Planning and organizing your move

Planning around the concept of a door-to-door move is one of the most important parts of your move. Arranging a door-to-door move serves several purposes:

  • Reducing your interim living costs: Coordinating a door-to-door move will mean less time for your family in a hotel and ensure reimbursement of eligible move expenses. Failing to do so could jeopardize your reimbursement.
  • Less stress: You minimize the time you’re separated from your household goods and effects meaning you can resume a normal schedule more quickly.
  • Less potential for damage of your furniture in transit: Eliminating Storage in Transit (SIT) for your household goods and effects reduces the likelihood of damage to your belongings as your shipment is subjected to less handling.

Here are some tips to get you on the right track.

  • Tip #1 – Match your dates. Achieving a door-to-door move is based on the premise of date matching. Date matching means coordinating dates for vacating your present home at origin, the pack/load of your household goods and effects, your authorized number of travel days, and the availability of your new home at destination. Date matching is an essential part of planning a door-to-door move as it will prevent unnecessary delays in the delivery of your household goods and effects.
  • Tip #2 – Negotiate possession and dispossession dates that make sense. Although it can be difficult to negotiate possession and dispossession dates, the Relocation Directive considers these dates to be a personal choice, and failure to align your dates may result in additional costs you could be responsible for.
  • Tip #3 – Wait until you have all the information you need. BGRS recommends waiting to book your move until you have firm possession or occupancy date at destination and a firm dispossession date at origin. Planning a move without these crucial dates makes it difficult to coordinate a door-to-door move, and changing your plan at a later stage might not be possible.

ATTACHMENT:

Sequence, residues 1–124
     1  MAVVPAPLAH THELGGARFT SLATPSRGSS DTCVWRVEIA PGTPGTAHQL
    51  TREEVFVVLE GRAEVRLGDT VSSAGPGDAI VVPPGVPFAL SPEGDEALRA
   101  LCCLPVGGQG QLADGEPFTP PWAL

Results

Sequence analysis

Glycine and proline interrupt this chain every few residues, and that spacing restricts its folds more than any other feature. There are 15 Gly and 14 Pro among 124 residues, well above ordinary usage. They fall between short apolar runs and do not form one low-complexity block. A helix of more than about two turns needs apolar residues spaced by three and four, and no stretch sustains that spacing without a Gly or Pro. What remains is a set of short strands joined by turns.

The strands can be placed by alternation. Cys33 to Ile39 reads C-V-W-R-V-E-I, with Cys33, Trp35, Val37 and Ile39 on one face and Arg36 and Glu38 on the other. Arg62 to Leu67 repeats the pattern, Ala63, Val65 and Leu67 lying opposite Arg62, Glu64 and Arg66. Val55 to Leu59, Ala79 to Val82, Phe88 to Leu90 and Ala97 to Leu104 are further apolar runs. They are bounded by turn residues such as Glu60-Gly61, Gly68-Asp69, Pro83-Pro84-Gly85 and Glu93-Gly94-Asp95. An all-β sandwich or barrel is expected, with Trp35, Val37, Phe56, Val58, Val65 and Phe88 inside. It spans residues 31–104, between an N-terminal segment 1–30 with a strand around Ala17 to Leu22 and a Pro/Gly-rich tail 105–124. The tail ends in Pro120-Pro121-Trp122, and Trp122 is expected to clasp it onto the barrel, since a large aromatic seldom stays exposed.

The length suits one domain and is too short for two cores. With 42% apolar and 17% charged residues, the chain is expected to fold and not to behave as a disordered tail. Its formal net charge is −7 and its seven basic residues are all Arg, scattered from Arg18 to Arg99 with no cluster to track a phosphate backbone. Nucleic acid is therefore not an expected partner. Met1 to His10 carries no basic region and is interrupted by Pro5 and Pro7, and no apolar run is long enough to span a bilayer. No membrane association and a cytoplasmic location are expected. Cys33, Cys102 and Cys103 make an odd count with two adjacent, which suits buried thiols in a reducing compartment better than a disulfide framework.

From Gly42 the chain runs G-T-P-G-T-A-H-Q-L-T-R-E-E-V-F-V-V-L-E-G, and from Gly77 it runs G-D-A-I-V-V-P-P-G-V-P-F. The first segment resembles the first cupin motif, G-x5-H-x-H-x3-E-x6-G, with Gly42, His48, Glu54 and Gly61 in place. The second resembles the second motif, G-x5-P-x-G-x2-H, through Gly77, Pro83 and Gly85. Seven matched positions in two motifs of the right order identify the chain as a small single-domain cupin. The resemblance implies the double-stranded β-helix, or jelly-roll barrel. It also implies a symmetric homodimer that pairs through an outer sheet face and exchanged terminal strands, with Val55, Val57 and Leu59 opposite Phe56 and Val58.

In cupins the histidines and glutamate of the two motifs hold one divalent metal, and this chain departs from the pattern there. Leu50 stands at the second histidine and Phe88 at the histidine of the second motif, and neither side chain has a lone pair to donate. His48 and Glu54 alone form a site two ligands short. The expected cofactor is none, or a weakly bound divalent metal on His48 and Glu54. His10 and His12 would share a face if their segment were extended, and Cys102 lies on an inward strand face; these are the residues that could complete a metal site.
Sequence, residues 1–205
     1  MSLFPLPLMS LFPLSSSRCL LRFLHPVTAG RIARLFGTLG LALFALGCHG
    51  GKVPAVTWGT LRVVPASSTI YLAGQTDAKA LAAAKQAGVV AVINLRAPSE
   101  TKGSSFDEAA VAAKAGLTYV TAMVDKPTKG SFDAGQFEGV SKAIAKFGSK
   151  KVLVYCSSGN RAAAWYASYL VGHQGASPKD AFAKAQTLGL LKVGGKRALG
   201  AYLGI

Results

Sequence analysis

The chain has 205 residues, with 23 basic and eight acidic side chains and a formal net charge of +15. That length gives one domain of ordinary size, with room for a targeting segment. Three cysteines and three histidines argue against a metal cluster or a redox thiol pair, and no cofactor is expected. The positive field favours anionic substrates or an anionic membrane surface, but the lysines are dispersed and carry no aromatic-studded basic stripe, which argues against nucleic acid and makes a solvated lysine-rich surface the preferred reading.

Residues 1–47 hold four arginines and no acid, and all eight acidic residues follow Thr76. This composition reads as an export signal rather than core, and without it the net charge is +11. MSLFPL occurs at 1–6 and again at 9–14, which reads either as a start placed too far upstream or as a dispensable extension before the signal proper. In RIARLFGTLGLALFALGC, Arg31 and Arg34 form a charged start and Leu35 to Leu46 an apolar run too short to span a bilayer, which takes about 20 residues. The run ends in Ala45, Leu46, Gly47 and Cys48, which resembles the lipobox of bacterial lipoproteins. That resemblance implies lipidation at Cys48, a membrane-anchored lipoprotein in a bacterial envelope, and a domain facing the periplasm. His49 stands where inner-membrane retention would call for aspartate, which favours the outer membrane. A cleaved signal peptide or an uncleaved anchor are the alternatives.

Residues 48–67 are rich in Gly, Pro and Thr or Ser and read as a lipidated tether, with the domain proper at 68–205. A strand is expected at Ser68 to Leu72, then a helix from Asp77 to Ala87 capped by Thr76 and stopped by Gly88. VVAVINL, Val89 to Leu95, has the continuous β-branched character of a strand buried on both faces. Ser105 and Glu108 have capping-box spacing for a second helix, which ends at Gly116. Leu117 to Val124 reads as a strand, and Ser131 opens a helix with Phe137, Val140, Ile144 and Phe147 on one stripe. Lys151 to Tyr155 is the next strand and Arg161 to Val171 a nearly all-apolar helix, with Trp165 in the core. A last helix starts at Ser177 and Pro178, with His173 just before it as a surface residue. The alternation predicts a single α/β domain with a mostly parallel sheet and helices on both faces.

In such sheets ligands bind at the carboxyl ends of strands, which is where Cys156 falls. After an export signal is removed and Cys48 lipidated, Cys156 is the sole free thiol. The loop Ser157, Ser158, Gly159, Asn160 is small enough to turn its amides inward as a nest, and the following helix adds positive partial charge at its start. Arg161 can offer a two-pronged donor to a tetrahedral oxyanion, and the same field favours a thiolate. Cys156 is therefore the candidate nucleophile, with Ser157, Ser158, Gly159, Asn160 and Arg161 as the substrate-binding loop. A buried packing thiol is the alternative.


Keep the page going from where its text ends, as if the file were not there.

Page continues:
• Tip #4 – If needed, seek approvals for flexibility. If you haven’t been able to match your possession and dispossession dates, consider speaking to your losing and gaining units about changing your report for duty date. In many cases, your unit will give you the flexibility to change your reporting date to meet the needs of your move. Speak to both units to seek the approval you need.
  • Tip #5 – Look for off-peak moving periods. If your change of strength, release date, or report for duty date will allow it, try to select an off-peak moving period. For example, summer long weekends are particularly busy for movers, which can cause delays. Avoiding peak periods will improve the chances of maintaining your move schedule.

We expect you have more questions. Your Knowledge Centre on Your Move Profile is an invaluable tool for other relocation information and guidance: other VIPs, fact sheets, and FAQs. The Relocation Directive explains potential interim living benefits. Take the time to review all the information available and familiarize yourself with what you’re eligible for.

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